The organization and manner of the structure and operation of the invention, advantages thereof, may best be understood by reference to the following description, taken in connection with the accompanying drawings, wherein like reference numerals identify like elements throughout the views, in which:
FIG. 1 is a front view of an embodiment of a lifting apparatus constructed in accordance with the principles of the present invention;
FIG. 2 is a top view of the lifting apparatus of FIG. 1;
FIG. 3 is fragmentary side view of the apparatus of FIG. 1;
FIG. 4 is a fragmentary back view of the apparatus of FIG. 1;
FIG. 5 is a fragmentary top view of a roller chain connector used by the apparatus of FIG. 1; and
FIG. 6 shows a chain tightening arrangement used by the lifting apparatus of FIG. 1.
DETAILED DESCRIPTION OF THE PREFERRED EMBODIMENT
In the description of the preferred embodiment, reference is made to the accompanying drawings which form a part hereof and in which is shown by way of illustration a specific embodiment in which the invention may be practiced. It should be understood that other embodiments may be utilized as structural changes may be made without departing from the scope of the present invention.
The present invention relates generally to an apparatus having a boom extendable from the side door of a van, and the boom being slidably connected to a track and movable along the track between the front and back regions of a cargo area.
FIG. 1 illustrates a van 11 having a lift apparatus 13 constructed in accordance with the principles of the present invention. Two parallel tracks 24 and 25 (best shown in FIG. 2) are mounted on vertical supports 10 within a cargo area 19 of the van 11. The tracks 24 and 25 extend between front and rear regions 7 and 9 of the cargo area 19. A retractable boom 16 is slidably mounted on the tracks 24 and 25. The boom supports a cable 20 that is raised and lowered by a winch 74.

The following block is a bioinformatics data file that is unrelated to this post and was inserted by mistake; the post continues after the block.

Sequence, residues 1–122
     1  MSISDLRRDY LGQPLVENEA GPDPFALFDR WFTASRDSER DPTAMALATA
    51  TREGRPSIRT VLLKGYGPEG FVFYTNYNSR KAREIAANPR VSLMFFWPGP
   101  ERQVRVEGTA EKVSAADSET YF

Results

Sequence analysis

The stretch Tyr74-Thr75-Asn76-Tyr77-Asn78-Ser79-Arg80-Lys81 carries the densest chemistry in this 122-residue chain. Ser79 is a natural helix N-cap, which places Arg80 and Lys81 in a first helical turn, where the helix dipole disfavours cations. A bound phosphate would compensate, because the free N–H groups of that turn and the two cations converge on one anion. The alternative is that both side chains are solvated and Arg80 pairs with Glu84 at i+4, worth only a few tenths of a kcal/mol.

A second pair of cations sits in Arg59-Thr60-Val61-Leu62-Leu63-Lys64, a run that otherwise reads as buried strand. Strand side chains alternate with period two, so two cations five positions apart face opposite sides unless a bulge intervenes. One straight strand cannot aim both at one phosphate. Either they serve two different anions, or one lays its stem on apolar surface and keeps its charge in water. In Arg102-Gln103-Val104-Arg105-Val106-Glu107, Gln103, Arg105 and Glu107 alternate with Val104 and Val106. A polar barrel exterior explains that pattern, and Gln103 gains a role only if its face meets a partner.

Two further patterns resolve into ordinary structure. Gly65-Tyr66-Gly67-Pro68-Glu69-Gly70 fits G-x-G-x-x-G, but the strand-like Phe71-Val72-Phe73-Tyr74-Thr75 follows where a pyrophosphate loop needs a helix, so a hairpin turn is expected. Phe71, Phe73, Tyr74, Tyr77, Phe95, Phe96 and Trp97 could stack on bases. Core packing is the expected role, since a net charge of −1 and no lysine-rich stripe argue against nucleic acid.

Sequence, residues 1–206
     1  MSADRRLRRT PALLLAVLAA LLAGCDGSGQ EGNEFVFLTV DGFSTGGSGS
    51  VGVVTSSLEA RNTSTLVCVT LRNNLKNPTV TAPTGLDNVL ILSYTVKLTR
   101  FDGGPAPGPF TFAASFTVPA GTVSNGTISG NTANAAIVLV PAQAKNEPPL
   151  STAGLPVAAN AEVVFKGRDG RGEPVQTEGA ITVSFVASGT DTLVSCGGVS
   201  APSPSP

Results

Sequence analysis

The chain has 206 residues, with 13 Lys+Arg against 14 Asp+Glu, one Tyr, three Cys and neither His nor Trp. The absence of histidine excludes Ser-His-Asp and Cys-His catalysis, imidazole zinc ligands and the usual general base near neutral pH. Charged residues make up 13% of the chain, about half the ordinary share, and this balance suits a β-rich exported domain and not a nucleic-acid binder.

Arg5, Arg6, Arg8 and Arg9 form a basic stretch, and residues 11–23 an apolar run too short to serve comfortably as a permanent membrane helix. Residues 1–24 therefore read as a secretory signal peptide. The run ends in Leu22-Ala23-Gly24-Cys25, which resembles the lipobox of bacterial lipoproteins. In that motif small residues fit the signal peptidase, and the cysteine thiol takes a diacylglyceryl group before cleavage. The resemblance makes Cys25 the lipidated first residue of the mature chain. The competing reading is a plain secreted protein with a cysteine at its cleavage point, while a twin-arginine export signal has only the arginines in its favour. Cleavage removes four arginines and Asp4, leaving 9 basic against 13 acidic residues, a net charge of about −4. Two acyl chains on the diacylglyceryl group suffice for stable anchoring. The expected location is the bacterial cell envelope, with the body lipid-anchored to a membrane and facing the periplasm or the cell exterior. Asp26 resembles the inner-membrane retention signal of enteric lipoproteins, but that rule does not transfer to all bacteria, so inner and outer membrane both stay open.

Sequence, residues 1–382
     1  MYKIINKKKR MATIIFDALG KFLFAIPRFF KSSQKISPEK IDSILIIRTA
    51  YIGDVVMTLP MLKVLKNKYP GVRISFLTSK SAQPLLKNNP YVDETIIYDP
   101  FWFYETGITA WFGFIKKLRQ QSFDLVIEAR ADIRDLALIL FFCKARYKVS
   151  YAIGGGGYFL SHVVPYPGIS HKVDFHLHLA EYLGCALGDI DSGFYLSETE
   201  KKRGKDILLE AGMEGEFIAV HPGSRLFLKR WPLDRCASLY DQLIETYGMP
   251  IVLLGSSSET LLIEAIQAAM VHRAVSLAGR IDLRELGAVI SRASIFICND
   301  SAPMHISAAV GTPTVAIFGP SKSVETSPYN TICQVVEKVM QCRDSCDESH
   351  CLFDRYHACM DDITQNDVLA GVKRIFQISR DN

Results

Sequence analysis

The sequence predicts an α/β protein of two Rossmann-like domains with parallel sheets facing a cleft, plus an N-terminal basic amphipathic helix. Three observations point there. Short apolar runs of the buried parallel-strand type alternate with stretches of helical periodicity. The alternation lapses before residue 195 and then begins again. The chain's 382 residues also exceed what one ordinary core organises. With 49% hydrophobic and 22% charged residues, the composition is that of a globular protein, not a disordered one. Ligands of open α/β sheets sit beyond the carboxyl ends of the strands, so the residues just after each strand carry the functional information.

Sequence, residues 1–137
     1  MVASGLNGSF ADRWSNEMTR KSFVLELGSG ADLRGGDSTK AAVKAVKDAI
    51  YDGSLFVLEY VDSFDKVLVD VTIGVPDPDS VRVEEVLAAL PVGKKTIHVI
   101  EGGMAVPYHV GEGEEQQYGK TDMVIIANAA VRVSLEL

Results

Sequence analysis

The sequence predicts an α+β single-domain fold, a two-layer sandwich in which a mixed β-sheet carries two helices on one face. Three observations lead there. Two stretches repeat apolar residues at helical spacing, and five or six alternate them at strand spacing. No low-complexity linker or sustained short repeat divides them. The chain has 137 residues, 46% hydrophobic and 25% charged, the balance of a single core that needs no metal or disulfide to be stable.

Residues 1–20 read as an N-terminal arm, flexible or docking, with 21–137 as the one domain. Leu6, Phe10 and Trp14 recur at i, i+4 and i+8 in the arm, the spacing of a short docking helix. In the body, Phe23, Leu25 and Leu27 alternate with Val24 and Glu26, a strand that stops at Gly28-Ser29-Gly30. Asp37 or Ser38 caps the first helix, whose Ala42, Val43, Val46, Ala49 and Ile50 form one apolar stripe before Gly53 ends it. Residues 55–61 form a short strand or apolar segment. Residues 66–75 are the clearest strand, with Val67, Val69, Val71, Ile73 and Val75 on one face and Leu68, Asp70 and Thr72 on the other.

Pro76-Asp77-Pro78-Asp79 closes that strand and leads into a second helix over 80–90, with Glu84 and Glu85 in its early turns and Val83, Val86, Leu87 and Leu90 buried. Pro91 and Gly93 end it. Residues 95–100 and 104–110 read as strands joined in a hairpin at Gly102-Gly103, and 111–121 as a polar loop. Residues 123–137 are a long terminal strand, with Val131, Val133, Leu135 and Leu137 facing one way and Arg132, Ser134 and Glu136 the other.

In use of the apparatus 13, the boom 16 is extended and the cable 20 is hooked onto an object desired to be lifted such as an appliance 21. The winch 74 is then used to lift the appliance 21 above a cargo bed 23 of the van 11. Next, the boom 16 is retracted such that the appliance 21 is pulled through the side door into the cargo area 19 of the van 11. Once the appliance 21 is within the cargo area 19, the boom 16 is moved along the tracks to either the front or rear regions 7 and 9 of the cargo area 19. Finally, the winch 74 is used to set the appliance 21 down at the desired location within the cargo area 19.
The boom 16 of the apparatus 13 is mounted within a rectangular support tube 12. Wheels 18 that ride along a cusp of the support tube 12 facilitate telescopically moving the boom 16 relative to the tube 12. As shown in FIG. 2, the tube 12 is connected to two base plates 15 which are secured to the tracks 24 and 25 by sets of roller brackets 14. Referring back to FIG. 1, the support tube 12 has an axial slot or opening 27 that is defined by a bottom floor of the support tube 12. The bottom floor opposes a top ceiling 29 of the support tube 12.
The height of the support members 10 is chosen to allow the object being lifted to be pulled into the interior of the van 11. A boom drive motor (not shown) is attached to the extension boom 16 and configured to drive the boom 16 from an extended orientation to a retracted orientation. In the retracted orientation, the boom 16 is wholly received and is completely set in the support tube 12. When the boom 16 is retracted, the cable 20 extends through the axial slot 27 of the support tube 12. The cable 20 extends throughout the length of the extension boom 16 and is draped over a roller 22 at the posterior end of the extension boom 16. A cable drive motor drives a winch 74 (shown schematically in FIG. 2) that is coupled to the boom 16. The cable 20 is mounted on the boom 16, and the cable drive motor drives the cable from an upper to a lower position via a winding and an unwinding action of the cable 20.